Back in July, WBUR launched a digital experiment called "Kind World" that explores people's experiences with random acts of kindness. Over the last several months, we've collected dozens of stories and featured many of them on our website.
Each one of these stories demonstrate the overwhelming goodness that exists in the world. Of those stories, we selected and packaged six that we thought were extraordinarily powerful. From a man buying a retail manager's entire staff a cup of coffee during the hectic holiday sales season to a woman with mitochondrial disease helping a man stuck in his New York City apartment during Superstorm Sandy, these stories detail the human experiences that may not necessarily make the news, but are just as important to share.
Here are our 6 favorite stories from WBUR's Kind World series.
When Rebecca J. was a little girl, every once in a while she would get travel with her mother into Boston to go shopping. During one such trip 38 years ago she found a book, which she begged her mother to buy. Her mother, however, refused. This is the story of how she came to own that book, which she still keeps in her home nearly four decades later.
Kristin Z. worked at the Natick Mall in Massachusetts during the Winter of 2005. Christmas was just around the corner and when you work retail during the busiest week of the year, customers can get snappy, and workers can become exhausted. But one customer turned the craziness of the season completely around.
Rick Colson is from Watertown, Massachusetts. His story takes place during one of the most trying times in Rick's life - his late wife's battle with cancer. What happened, however, was a heartwarming act of kindness from several members in Rick's community.
Crystal Evans is from Braintree. A while ago she was diagnosed with mitochondrial disease and, as a result, has lost the use of her legs. Her friend Nick who lives in Tribeca in Manhattan also has mitochondrial disease, but a case much more severe. He has to rely on a feeding tube and a ventilator to survive. So when Superstorm Sandy hit in October and New York City slowly began to lose power, Crystal immediately thought of Nick. And that's when Crystal - who had only known Nick through online forum's - sprang into action.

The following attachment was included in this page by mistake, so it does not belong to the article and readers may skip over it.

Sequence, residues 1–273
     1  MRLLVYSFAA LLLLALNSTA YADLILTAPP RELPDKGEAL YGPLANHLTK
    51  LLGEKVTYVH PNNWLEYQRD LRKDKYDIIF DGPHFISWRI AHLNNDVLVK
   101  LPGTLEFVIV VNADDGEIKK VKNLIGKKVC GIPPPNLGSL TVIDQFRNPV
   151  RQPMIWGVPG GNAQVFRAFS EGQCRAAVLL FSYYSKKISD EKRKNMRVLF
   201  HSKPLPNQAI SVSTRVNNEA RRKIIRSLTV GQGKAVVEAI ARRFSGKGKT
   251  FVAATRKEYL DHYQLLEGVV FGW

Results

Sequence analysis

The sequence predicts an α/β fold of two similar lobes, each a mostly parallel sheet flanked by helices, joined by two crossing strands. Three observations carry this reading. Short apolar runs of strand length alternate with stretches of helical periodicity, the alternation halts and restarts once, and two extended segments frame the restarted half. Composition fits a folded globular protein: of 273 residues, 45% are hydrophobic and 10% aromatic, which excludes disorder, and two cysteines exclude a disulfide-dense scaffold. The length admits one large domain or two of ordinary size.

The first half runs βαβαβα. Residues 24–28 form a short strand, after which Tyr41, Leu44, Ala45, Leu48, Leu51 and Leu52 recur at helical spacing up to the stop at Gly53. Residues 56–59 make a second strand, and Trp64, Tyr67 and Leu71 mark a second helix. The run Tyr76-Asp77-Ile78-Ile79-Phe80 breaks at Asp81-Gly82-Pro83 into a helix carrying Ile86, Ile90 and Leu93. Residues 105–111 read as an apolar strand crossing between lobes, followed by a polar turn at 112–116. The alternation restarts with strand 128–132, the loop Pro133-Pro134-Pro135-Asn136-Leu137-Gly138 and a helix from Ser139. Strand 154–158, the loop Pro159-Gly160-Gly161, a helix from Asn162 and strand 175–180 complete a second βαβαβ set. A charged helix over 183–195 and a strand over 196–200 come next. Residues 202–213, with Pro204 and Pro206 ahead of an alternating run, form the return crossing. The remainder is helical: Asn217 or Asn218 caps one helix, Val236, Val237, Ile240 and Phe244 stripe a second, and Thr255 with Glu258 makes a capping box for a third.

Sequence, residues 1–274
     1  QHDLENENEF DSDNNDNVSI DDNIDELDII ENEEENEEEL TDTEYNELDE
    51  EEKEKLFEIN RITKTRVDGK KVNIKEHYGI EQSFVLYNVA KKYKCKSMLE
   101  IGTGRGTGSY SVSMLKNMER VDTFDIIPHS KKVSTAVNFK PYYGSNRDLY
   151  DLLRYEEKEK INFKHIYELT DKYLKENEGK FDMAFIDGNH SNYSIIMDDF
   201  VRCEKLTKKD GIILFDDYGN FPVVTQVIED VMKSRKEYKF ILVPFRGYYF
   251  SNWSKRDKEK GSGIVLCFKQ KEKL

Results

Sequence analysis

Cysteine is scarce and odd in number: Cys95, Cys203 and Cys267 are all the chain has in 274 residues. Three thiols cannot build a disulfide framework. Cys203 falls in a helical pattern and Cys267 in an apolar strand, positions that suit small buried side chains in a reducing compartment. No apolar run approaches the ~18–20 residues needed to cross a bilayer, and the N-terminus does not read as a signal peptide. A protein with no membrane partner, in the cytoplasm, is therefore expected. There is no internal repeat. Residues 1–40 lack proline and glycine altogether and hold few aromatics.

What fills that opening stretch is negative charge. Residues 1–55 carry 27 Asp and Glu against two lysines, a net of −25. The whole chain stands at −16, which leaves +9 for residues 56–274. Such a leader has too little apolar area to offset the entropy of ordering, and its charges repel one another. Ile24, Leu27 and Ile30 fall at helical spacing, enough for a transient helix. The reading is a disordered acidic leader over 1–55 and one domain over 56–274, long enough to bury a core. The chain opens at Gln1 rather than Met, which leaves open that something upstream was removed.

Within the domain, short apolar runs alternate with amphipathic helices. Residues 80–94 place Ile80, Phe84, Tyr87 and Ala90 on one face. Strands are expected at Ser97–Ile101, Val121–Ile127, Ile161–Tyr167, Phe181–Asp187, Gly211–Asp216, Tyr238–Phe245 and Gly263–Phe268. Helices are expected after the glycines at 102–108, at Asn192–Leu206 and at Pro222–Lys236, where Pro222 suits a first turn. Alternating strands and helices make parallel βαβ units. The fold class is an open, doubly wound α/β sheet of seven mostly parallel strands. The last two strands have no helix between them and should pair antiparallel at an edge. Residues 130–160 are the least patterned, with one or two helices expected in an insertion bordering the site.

Angelique Tung flew from San Francisco to New York City on September 10th for a business meeting. The next morning, she entered the South Tower of the World Trade Center a little after 8AM. Then the first plane hit. She was told to evacuate, and while making her way down the stairwell to the ground floor the second plane hit. She made it to the ground safely, but come night time had no where she could sleep. Her hotel was impossible to enter due to its proximity to Ground Zero. So she went to visit a colleague’s family in Rye, New York. There, a small act of kindness occurred that, in any other situation, might’ve been overlooked. But for Angelique, it meant everything.
Back in 1996, Julie Baker decided she wanted to do two things. First, quit smoking. Second, participate in the Boston To New York AIDS ride. So, she threw out her cigarettes, began training, and a few months later hopped on her bicycle to New York. It was on the second day of the trip that Hurricane Edward struck, bringing unbearable winds and rain. Julie was within moments of giving up, but it was the kindness of one stranger that gave her the strength she needed to push on.
This program aired on December 25, 2012. The audio for this program is not available.